On Feb. 5, the Senate acquitted President Donald Trump of the impeachment charges against him, officially making Trump’s impeachment trial to a close. Although the trial’s outcome was unsurprising, it nonetheless dealt a jolt to Democrat who were eager to remove the president from department. But can a chairman be retroactively charged after he or she leaves place? There isn’t much law precedent for it.
This question arose even before Trump was officially charged by the House of Representatives on Dec. 18, though not in the context you might expect. During a Dec. 4 House Judiciary Committee impeachment hearing, Florida Rep. Matt Gaetz — a Republican and staunch Trump ally — showed former President Barack Obama should be impeached. According to, Gaetz appeared to be referring to a 2013 has pointed out that exposed the National Security Agency had been monitoring the calls of 35 world leaders. Though the White House affirmed at the time that Obama had knew there was this, Gaetz showed during the Dec. 4 hearing that Obama should be charged if “wiretapping political opponents is a political offense.”
Gaetz’s mentions, coupled with Democrats’ eagerness to get Trump out of the White House, raised the question of whether or not retroactive impeachment is actually possible, and whether an endeavor would have any real upshots.
According to, there isn’t a total consensus on this issue from academics or constitutional students. That’s because there simply isn’t much of a precedent for even trying to impeach a onetime chairman. Keith E. Wittington, a professor of politics at Princeton University, told the a retroactive impeachment could be a “constitutional possibility, “ though not a popular one. “It would be very hard to persuade the Senate to imprison according to the principle of such an impeachment, and the House would be very open to criticism that it was abusing the impeachment superpower if it were to pursue such an impeachment, ” he told the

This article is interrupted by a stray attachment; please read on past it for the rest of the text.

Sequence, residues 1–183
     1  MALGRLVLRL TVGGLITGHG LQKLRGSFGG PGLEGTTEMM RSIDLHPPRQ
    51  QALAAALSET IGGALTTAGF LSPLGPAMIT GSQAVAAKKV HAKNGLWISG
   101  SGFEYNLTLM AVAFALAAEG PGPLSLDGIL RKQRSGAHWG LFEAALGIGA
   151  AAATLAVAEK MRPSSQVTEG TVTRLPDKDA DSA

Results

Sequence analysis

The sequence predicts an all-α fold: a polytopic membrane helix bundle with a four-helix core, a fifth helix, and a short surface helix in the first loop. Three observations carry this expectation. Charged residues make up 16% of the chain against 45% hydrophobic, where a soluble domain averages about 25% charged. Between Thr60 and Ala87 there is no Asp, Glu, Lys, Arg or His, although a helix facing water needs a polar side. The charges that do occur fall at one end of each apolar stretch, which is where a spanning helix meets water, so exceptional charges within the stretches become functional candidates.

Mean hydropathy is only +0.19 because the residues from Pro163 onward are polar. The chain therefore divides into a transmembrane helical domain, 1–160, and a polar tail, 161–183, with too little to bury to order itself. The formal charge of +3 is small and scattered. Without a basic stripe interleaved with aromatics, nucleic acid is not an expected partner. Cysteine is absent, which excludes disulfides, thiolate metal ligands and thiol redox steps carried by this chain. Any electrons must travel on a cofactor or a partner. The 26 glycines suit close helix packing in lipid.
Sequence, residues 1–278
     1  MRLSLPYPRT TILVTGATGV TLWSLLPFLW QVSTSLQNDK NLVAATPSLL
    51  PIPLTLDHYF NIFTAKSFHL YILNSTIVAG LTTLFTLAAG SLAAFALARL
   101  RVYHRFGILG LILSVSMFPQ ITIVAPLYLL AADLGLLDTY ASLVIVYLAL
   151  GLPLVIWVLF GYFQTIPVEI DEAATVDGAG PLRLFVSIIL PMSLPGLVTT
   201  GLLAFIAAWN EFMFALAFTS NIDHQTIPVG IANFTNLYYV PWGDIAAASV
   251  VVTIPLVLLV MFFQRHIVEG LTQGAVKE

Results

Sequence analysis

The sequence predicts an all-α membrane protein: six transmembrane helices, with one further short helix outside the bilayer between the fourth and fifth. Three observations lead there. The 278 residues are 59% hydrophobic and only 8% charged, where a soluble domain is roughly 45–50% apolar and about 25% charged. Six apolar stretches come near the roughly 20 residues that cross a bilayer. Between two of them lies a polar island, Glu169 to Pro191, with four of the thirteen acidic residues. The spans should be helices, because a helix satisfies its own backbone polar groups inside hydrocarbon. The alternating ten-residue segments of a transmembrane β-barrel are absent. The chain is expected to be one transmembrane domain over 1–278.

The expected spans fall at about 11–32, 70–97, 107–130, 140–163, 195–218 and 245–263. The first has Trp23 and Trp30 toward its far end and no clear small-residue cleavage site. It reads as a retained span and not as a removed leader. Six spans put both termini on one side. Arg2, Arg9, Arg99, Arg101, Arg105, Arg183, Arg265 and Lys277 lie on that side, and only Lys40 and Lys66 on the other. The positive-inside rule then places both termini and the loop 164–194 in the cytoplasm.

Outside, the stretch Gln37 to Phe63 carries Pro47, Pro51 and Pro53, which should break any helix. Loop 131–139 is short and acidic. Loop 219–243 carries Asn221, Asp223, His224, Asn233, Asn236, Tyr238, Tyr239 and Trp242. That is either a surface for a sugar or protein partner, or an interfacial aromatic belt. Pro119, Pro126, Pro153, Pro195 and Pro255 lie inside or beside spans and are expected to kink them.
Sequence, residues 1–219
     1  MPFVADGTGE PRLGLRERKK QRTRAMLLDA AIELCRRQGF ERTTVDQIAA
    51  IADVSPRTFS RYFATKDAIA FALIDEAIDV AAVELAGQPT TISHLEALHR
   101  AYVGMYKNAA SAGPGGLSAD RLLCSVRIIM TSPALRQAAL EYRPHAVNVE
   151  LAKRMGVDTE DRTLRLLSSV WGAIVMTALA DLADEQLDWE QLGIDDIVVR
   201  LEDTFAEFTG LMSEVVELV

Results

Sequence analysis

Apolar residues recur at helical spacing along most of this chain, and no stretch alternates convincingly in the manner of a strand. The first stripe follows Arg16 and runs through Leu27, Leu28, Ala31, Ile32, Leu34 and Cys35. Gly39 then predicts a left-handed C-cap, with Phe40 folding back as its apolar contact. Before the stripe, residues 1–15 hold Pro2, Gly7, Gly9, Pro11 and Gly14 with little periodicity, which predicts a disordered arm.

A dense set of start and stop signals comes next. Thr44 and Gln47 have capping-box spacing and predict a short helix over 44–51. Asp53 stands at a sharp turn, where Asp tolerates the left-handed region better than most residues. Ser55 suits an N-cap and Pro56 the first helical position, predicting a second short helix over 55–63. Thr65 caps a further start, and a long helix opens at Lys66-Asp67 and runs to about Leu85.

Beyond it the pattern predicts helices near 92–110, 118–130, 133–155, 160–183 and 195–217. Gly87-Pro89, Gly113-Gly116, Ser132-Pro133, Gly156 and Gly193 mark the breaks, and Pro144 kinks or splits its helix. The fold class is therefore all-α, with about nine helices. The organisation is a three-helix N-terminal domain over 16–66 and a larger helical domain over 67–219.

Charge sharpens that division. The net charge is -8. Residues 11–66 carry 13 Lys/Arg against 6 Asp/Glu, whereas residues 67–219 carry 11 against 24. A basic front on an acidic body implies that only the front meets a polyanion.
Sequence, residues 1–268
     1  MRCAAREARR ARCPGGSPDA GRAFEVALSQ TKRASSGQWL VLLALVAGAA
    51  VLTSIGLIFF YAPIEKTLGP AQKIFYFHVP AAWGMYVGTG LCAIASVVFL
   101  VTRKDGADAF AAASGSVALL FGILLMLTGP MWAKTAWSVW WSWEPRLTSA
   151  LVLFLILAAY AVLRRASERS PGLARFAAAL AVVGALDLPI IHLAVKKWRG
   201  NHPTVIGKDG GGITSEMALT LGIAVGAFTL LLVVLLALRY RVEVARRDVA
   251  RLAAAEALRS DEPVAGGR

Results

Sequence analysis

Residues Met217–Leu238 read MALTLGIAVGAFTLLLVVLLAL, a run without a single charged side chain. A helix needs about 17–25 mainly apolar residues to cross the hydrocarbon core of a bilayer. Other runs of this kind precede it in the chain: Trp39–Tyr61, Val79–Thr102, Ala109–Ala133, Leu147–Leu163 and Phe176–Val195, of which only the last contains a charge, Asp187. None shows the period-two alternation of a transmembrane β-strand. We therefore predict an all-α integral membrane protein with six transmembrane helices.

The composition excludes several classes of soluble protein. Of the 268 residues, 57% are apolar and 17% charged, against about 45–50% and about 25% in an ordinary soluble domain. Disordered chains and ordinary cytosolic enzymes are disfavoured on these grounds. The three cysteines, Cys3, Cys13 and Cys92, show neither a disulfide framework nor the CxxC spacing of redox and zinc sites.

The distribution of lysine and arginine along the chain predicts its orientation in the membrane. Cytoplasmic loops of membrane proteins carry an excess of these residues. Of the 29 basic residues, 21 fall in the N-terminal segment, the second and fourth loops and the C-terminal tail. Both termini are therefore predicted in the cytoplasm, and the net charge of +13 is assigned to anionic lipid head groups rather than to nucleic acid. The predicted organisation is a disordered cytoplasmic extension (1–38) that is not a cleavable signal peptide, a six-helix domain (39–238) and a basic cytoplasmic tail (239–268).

The Constitution doesn’t say a great deal about impeachment, which is also why it’s difficult to say for certain whether retroactive impeachment is possible. Back in 2001, after onetime President Bill Clinton had left office, consulted legal expert to determine whether or not Congress could theoretically impeach him again following his retirement. Harmonizing to, a retroactive impeachment could be possible because the Constitution offers two outcomes if a chairperson is convicted by the Senate. The first is removal from bureau, which was primarily what Democrats were aiming for in Trump’s case. But the second, per Article I, Section 3 of the Constitution, is barring a president from supporting elected department in the future.
Per and, the Constitution doesn’t rigorously prevent the House from impeaching a president formerly they’ve left office. However, the Senate would apparently not be able to remove them from part, so the only real possible upshot would be disqualifying the onetime president in question from hampering elected role again. But many experts told the that even if it were possible, a court battle would be necessary in order to rule more definitively on the above-mentioned issues, and no tribunal has previously addressed this possibility. This uncertainty, along with the fact that impeachment is a costly and time-consuming process, offsets it unlikely Democrats will prosecute Trump’s retroactive impeachment. But with the regime of politics being exactly what he, Americans can’t rule out the potential.